But Galton wasn't the only scientist spreading this myth. And it's highly likely that Watson read the works of people like Frank McGurk, Henry Garrett, Richard Herrnstein and Arthur Jensen -- all scholars from distinguished universities claiming that intelligence (IQ) was genetically determined and that whites displayed greater genetic predisposition for this trait than blacks.

Even if Watson didn't read those writers, he may have arrived at the same conclusion, considering this was a prevailing view in American society. In 1942, only 47% of whites in the United States believed that blacks were of equal intelligence. This value increased to 80% in 1966, but declined to 77% in 1968. In 2008, this value was about the same as that recorded in 1968.

However, the tragedy here is Watson's intransigence in light of the scientific developments of the late 20th and early 21st century. These developments have demolished both the notion that human beings could be unambiguously partitioned into biological races, and the idea that it is likely that "races" of humans are genetically differentiated in intelligence (however defined).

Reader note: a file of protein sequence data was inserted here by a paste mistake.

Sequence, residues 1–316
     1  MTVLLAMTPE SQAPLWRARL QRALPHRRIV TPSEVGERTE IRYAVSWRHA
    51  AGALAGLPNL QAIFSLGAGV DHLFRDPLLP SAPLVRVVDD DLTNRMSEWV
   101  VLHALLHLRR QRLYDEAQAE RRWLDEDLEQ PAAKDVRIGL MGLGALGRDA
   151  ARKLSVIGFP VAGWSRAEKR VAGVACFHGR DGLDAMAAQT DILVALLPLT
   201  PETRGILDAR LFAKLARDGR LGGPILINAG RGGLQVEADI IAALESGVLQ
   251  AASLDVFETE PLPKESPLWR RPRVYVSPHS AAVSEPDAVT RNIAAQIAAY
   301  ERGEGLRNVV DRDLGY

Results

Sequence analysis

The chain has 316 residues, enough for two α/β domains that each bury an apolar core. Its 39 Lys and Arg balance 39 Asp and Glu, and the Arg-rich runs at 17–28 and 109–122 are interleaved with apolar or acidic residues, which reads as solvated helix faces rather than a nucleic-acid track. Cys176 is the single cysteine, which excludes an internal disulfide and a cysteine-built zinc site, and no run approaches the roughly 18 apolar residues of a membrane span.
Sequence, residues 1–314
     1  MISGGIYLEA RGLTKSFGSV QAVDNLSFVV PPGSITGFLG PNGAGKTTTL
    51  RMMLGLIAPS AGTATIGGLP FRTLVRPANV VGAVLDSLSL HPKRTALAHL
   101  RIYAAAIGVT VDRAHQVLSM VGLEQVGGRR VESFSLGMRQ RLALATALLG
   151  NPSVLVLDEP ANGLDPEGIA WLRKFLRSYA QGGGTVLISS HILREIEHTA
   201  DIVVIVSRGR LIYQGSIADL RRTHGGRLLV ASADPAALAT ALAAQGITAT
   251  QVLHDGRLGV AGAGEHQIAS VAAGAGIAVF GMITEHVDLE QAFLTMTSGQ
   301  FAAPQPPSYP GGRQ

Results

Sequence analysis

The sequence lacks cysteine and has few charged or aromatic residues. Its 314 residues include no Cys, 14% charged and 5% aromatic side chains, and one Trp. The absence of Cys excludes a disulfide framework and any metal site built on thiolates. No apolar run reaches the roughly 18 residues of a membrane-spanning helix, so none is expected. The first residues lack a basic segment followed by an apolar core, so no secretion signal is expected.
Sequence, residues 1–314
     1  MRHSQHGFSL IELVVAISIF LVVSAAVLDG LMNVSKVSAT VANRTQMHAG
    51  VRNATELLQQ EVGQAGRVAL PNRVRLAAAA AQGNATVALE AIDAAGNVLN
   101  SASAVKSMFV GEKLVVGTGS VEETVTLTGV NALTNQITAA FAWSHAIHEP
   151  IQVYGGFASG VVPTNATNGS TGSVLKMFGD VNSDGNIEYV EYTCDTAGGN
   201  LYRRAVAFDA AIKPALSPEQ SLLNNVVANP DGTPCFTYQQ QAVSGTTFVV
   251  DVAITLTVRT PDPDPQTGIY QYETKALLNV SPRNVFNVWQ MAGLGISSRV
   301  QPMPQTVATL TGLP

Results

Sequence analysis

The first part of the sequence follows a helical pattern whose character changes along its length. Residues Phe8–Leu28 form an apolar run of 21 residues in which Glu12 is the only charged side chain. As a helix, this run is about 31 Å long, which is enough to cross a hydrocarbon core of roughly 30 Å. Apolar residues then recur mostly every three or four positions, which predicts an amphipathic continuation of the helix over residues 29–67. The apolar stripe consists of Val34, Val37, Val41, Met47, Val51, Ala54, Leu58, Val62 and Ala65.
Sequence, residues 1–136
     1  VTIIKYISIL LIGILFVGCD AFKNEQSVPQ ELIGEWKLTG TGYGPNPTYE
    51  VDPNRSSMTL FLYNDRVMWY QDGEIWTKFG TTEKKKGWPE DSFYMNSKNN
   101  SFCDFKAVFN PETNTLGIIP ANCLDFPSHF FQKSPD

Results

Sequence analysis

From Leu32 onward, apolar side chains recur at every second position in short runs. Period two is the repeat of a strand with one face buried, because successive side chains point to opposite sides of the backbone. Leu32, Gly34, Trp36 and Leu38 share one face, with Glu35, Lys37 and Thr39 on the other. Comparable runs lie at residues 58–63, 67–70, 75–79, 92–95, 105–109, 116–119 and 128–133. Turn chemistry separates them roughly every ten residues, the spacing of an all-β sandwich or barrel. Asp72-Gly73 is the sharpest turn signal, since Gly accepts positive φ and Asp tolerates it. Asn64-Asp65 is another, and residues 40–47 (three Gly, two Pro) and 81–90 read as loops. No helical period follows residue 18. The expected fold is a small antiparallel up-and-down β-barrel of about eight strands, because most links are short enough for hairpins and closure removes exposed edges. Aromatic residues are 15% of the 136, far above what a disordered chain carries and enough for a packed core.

We also have new genomic tools that allow us to better understand the relationship between genes and the traits that they encode. For example, studies of worldwide genomic variation don't allow us to unambiguously define racial groups. Furthermore, the studies indicate that our socially-defined races do not correspond to the underlying genetic variation within our species.

There have also been several recent studies that have attempted to identify genetic variants associated with some definition of intelligence or educational attainment. So far, these studies have found that the underlying genomics of these traits are complex -- meaning they are coded for by many genes, possibly in the thousands -- and are not generally replicable between the different cohorts studied.

And a new study on the genes-to-physical trait relationship makes the entire enterprise of attempting to correlate measured physical traits between human populations and their genetic underpinnings extremely problematic. This study shows that environmental influences can have profound influences on the how the gene-to-physical trait pipeline operates. For example, mutations have been found in fruit flies which have normal function at room temperature, but are lethal to the flies if you attempt to grow them in lower temperatures. Thus, because all genes are influenced by environment (even if not to the extreme of the last example), it is important to know if any two groups you are comparing are experiencing the same environment.